Last edited: February 14, 2005


Man Admits "Crimes Against Nature"

PlanetOut News, March 14, 2001

By Barbara Dozetos

SUMMARY: In what civil libertarians say is a pattern, a state sodomy law is once again being used to "pass judgment" on homosexuality.

A Louisiana man pleaded guilty this week to a felony "crime against nature" for engaging in homosexual acts in a public place while on a work detail from a Bossier Parish jail.

William Wright and two other inmates were charged when elementary school students and teachers saw them engaged in sexual activity near their school last October. The prisoners were cleaning up the grounds of a nearby church.

According to the Associated Press, prosecutors dropped a lesser charge of obscenity in exchange for Williams’s guilty plea and his testimony against the other two inmates. He faces up to an additional five years in prison for the crime, but his cooperation may be taken into account when he is sentenced.

"As shocking as it may sound, this [crime against nature charge] isn’t unusual," said Eric Ferrero, spokesman for the American Civil Liberties Union’s Lesbian and Gay Civil Rights Project. Sodomy laws are still on the books in roughly a dozen Southern states, as well as a handful of others around the country. Contrary to the widely held belief that they exist in name only, "[these laws] are used to deny lesbians and gay men jobs and custody of their children," Ferrero said.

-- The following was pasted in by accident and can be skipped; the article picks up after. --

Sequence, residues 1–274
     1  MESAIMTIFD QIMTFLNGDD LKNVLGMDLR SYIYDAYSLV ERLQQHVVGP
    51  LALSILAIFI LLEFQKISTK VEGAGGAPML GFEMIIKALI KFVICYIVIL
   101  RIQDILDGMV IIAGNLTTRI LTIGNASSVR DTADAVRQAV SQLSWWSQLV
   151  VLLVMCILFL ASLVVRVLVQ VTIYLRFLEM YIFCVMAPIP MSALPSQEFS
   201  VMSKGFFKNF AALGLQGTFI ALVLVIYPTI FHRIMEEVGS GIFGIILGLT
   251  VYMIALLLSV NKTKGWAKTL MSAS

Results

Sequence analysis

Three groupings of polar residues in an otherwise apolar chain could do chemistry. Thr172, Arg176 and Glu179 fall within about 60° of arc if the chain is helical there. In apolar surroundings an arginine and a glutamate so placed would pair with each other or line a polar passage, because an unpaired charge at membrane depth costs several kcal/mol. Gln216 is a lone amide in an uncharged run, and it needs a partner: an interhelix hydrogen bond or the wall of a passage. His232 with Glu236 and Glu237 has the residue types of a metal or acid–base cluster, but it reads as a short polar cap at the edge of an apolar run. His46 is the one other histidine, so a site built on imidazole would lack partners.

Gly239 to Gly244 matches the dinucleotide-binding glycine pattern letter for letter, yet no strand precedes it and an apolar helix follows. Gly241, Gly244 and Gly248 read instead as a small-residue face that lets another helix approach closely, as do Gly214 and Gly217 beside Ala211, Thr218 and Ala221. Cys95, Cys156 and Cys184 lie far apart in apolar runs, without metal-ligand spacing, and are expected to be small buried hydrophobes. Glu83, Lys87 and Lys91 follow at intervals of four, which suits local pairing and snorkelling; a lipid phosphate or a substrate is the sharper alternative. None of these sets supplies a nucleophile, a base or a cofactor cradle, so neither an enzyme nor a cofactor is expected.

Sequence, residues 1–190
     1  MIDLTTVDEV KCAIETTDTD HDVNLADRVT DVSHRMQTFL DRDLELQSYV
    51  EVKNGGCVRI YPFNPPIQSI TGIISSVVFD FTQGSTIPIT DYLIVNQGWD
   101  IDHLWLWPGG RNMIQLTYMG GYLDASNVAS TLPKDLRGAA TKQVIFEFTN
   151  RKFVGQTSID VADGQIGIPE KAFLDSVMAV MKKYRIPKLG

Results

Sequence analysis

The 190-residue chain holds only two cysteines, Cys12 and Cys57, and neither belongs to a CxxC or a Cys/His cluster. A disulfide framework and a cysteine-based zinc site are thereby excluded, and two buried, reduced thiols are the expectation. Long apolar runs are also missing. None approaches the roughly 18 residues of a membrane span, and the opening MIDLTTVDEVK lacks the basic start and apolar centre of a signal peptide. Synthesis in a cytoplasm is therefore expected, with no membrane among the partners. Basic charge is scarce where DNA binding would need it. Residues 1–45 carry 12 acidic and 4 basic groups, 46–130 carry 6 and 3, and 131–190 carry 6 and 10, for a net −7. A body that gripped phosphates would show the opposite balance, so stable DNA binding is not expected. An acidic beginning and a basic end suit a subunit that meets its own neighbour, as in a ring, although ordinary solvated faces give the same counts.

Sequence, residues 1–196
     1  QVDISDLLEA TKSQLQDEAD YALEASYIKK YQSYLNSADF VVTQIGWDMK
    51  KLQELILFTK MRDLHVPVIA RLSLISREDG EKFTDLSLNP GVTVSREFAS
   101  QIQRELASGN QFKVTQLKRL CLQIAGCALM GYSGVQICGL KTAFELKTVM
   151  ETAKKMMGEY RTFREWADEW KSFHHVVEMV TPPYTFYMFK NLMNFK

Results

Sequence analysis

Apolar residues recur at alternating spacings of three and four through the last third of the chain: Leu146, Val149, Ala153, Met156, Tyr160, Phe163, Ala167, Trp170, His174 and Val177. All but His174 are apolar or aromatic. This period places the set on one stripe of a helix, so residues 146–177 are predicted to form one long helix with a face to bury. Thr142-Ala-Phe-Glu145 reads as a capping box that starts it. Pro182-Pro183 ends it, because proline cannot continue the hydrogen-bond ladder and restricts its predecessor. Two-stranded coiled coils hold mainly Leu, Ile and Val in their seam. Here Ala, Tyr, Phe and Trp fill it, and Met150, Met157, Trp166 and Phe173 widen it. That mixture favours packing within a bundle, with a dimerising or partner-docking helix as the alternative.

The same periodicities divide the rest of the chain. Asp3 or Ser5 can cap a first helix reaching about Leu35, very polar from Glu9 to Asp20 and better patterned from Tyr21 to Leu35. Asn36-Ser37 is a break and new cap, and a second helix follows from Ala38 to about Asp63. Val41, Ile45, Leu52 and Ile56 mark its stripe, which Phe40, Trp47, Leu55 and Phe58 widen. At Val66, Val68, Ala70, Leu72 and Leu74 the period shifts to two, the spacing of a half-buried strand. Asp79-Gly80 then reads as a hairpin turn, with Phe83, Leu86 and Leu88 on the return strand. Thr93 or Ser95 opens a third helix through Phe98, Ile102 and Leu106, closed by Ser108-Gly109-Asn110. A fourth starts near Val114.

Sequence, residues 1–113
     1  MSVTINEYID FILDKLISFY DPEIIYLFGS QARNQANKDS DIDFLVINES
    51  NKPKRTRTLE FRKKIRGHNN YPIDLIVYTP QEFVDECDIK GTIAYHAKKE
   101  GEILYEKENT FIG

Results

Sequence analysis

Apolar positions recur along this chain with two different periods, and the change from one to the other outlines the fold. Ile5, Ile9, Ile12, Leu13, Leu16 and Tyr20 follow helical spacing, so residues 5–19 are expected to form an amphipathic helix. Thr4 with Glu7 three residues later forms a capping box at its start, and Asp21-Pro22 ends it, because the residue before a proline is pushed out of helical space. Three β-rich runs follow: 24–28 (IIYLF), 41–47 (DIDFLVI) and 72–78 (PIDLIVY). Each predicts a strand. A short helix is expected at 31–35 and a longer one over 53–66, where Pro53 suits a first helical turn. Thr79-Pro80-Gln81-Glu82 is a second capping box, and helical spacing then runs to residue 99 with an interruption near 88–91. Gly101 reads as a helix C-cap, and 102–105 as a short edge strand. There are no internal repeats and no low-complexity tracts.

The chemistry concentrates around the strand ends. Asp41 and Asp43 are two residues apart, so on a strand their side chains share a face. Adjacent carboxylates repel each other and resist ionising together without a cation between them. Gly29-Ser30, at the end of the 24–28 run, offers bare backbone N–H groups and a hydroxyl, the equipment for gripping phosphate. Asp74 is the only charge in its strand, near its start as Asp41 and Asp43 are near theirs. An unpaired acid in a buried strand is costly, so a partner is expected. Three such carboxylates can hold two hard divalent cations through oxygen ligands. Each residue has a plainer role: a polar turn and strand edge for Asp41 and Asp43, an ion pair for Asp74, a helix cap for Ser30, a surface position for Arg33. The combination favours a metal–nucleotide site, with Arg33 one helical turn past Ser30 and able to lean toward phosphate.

"We also hear plenty of stories like this one, where sodomy laws are essentially used to pass judgment on people’s sexuality," Ferrero said. "If men have sex in a public, they should be charged with having sex in public not with having gay sex."

The Louisiana Electorate of Gays and Lesbians is currently challenging the constitutionality of the sodomy law in state court.

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